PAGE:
The health insurance marketplace is tumultuous, to say the least. How will Ollis/Akers/Arney brave this storm?
That changes day to day almost. I gave a continuing education presentation to the local bar association (recently) on this very topic. I had to supplement my materials because the day after I turned them in, the Senate issued their draft bill with their changes to the House version. It’s constantly in flux.
We are seeing more options and we’re developing a comprehensive solution for small-business clients – 50 employees or less – that don’t have to provide health insurance. There are folks that struggle playing against the larger companies if they don’t offer benefits.
What do you make of ‘Trumpcare’ so far?
I see some good fine-tuning of things. Maybe they’ll make the individual plans better coordinate with health savings accounts, where people can fully fund HSAs and there are no gaps in coverage because they don’t have enough money to pay for their out of pocket and all the deductibles.
I’m not sure you’re going to see a real big change in the overall structure of the market, except for one caveat: There are insurance carriers leaving markets. It hasn’t happened yet here in our region. But in other states, there are counties where there’s one or no carrier offering plans. That is a concern.
Will health care ever settle down?
Business loves certainty. We can plan around it, even if it’s not the most favorable. This is such a big issue. I don’t know how it really ever simmers down.
The Ollises have been involved since founding the agency in 1885. Does your appointment signal a shift?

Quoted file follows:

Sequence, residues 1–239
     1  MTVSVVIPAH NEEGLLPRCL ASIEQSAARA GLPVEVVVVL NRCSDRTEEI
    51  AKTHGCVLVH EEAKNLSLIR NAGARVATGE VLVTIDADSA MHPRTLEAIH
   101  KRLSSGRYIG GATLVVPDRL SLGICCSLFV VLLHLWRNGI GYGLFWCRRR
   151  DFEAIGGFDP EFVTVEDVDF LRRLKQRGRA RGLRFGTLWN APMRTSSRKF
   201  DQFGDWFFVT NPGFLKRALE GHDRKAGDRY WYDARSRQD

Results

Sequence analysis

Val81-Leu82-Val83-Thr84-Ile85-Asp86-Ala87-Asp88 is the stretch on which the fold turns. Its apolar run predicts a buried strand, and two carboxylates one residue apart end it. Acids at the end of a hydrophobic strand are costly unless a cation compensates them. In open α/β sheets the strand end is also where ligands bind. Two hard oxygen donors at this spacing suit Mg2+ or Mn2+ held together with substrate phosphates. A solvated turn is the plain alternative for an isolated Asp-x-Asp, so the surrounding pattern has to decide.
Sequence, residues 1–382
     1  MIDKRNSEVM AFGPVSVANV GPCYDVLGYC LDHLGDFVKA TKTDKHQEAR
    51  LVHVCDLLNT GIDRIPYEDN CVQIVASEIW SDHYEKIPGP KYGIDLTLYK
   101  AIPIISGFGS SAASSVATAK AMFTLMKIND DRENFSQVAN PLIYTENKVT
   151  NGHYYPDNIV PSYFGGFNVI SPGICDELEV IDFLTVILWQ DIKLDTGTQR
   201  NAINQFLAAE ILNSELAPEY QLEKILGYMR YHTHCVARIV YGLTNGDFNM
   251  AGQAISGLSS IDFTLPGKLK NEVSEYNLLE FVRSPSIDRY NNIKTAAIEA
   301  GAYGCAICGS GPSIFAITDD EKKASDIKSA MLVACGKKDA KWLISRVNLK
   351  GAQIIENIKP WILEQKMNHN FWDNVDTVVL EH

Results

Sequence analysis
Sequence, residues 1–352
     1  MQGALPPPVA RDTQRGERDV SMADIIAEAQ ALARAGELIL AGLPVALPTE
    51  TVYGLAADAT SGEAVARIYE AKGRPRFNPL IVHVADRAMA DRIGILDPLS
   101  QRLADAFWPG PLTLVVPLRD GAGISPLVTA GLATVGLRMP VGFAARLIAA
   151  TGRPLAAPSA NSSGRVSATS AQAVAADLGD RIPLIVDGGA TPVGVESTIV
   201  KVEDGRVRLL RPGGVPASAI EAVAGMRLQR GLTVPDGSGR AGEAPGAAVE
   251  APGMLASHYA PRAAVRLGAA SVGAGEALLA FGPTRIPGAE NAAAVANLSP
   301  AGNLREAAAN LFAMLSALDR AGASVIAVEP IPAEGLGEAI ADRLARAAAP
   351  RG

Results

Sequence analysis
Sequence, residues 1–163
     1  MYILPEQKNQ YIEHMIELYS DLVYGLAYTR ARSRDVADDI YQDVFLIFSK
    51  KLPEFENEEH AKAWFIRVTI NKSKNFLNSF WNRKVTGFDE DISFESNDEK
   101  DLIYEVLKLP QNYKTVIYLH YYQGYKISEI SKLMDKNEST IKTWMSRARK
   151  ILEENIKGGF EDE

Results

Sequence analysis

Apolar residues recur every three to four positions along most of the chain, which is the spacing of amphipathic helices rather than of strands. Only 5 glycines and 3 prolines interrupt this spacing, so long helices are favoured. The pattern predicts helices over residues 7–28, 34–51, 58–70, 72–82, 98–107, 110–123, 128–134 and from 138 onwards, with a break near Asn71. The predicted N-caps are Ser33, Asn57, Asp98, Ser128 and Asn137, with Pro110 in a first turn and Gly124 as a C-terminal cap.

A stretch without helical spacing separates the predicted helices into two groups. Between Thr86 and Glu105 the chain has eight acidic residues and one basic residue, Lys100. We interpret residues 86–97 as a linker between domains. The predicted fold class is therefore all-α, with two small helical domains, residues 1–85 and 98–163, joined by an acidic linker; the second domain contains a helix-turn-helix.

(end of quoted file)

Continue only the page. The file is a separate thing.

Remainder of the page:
People hear president and they assume you’re running the company, but Richard Ollis is still CEO, the ultimate decision maker.
There is a natural transition already in effect – the (employee stock ownership plan) in place a number of years ago. The most recent event was Richard’s dad Ron Ollis was chairman of the board, and he resigned at the beginning of the year. Richard took that position as chairman and CEO. I’ve been on the board since day one here (as general counsel). There is no formal plan for me to take over. It’s just kind of bench strength for the organization and management.
You’re in leadership at the second-largest insurance agency in the area. As a lawyer, did you foresee this as a career path?
It wasn’t a long learning curve. I’ve got a real background in business. I worked as a CPA for a number of years, primarily focused on tax, corporate and ERISA in my law practice. I found out at the end of my law practice, I was advising my clients on business strategy and structuring entities and risk management. That’s a lot of what we do here.
Now with Ollis/Akers/Arney for three years, how has your daily role changed?
I wear three different hats. The president’s role is an administrative role. I have taken some tasks off (Ollis’) plate, allowing him to be more engaged with clients and out in the community. With our vendor and carrier relationships, I’m working more closely with the principals. We have a number of internal training programs, and I’m helping coordinate and implement those programs and best practices internally. Employee ownership is a big deal for us.
Richard Russell is president and general counsel of Ollis/Akers/Arney. He can be reached at firstname.lastname@example.org.